There are many companies that have summer events to try and boost morale or simply reward workers for a job well done.  That is a good thing of course.  Most of these events are voluntary which means that if you don’t go that is your prerogative and it won’t affect your employment in any way.  You know it’s voluntary if it doesn’t cost you any pay or retaliation if you don’t go.
If you do go to the company picnic or other event this summer and get hurt somehow (you’d be stunned by the number of people that call me who were hurt in a friendly game of volleyball) then it’s not covered under Illinois work comp laws if it’s truly a voluntary event.
But what happens sometimes is that you are told that it’s not mandatory for you to attend, but you and everyone else at the company knows that is not true.
Case in point, I was recently called by a nice man who was asked by his boss if he wanted to go on the company paintball outing.  He didn’t want to go, but had a built in excuse of having a doctor’s appointment. The higher ups sent out an e-mail about the event and said it was voluntary.  But his direct boss didn’t feel that way and asked him multiple times to change the doctor’s appointment, letting him know that it would be “good for his career” if he attended.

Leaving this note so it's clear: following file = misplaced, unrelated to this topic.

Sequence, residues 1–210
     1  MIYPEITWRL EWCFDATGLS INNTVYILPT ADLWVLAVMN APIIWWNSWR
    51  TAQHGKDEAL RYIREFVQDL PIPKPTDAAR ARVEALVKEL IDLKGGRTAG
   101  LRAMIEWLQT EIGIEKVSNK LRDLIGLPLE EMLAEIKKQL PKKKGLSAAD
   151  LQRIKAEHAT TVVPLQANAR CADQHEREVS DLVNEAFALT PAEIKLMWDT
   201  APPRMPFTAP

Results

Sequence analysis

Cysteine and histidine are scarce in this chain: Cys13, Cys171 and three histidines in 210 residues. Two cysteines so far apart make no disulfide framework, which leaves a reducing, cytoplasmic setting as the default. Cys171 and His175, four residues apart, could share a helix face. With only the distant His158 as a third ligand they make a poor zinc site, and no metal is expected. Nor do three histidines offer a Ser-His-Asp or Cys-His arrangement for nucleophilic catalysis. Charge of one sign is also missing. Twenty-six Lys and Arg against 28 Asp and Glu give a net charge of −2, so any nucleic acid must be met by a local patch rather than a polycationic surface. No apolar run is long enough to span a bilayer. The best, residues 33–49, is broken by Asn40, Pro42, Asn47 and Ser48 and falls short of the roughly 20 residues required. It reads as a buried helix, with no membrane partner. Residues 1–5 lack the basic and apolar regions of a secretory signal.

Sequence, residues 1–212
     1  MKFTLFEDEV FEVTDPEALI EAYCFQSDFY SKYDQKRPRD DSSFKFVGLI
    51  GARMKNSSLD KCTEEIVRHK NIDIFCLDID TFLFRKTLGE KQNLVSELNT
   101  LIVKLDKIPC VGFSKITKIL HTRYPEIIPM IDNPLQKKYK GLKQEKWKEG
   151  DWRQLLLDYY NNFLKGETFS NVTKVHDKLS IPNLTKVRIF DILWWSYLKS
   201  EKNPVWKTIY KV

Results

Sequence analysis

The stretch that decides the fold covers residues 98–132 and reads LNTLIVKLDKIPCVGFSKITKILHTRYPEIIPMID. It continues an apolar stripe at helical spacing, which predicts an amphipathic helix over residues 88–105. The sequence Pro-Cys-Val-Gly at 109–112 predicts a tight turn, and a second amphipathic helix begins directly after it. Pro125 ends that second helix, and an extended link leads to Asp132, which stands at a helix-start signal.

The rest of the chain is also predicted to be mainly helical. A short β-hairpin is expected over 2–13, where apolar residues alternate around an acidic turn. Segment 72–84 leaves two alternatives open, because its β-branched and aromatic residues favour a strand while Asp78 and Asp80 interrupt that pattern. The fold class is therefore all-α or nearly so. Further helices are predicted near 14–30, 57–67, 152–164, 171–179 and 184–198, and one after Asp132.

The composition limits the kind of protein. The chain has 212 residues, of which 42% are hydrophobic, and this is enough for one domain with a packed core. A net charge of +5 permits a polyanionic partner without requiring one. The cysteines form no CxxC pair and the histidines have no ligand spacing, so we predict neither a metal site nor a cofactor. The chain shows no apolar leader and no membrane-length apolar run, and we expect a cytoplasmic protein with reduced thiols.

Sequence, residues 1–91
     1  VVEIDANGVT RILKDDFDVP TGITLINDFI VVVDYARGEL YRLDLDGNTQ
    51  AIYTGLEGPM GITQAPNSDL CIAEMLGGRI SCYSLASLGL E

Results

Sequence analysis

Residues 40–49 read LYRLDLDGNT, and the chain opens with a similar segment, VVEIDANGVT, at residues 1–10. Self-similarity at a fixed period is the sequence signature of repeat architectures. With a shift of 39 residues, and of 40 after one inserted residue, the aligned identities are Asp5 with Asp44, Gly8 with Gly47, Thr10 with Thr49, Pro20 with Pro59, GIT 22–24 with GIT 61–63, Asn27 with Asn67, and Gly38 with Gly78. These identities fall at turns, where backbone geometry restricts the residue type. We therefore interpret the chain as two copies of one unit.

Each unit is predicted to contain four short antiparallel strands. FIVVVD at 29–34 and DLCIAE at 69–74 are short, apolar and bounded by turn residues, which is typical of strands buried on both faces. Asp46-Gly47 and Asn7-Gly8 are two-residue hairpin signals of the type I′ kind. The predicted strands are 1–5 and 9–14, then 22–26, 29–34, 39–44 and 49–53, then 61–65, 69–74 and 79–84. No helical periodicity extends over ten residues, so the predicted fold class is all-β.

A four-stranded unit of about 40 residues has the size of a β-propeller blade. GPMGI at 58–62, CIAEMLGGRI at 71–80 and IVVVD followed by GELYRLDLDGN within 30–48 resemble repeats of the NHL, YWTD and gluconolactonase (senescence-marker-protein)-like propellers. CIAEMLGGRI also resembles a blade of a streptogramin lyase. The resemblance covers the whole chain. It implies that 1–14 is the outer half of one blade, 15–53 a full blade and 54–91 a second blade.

That doesn’t feel like an optional event to me.  It’s not a slam dunk case by any means.  If he would have been docked pay, demoted or fired for missing then it would be a no-brainer.  That said, it certainly sounds to me like this was not an optional event for him, especially when his boss asks him multiple times to go and tells him it would help his career.
So he did go and badly injured his knee, tearing his ACL.  The case has been denied by the insurance company because the higher ups said it was voluntary.
He may win his case, he may not.  But this case shows that you have to look deeper as to what’s really going on to make a proper analysis as to whether or not there is a case.  This case, like many others, is not black and white.  It’s not much different when your employer says you are an independent contractor, but treats you like a true employee in every way.
So my advice to you is no matter what your case is about, don’t take the insurance company’s word for it when they tell you that you have no case.   Talk to someone independent – we will always talk with you for free and in confidence – and get a true, full analysis. It might not mean you have a case, but you’ll know for sure.